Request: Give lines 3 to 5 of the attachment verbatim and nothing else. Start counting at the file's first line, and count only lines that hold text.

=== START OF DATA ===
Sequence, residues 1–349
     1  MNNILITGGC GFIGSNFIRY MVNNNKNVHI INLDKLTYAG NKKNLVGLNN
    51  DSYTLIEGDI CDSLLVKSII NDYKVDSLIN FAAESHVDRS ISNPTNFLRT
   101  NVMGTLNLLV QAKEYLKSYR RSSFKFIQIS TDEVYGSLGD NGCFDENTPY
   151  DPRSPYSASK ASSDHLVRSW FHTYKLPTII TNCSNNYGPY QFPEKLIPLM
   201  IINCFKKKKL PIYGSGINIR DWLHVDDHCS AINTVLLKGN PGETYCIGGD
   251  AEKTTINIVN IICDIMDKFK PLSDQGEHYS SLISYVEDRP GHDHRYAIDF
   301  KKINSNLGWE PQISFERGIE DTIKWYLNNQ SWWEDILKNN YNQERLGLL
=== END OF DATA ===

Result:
    51  DSYTLIEGDI CDSLLVKSII NDYKVDSLIN FAAESHVDRS ISNPTNFLRT
   101  NVMGTLNLLV QAKEYLKSYR RSSFKFIQIS TDEVYGSLGD NGCFDENTPY
   151  DPRSPYSASK ASSDHLVRSW FHTYKLPTII TNCSNNYGPY QFPEKLIPLM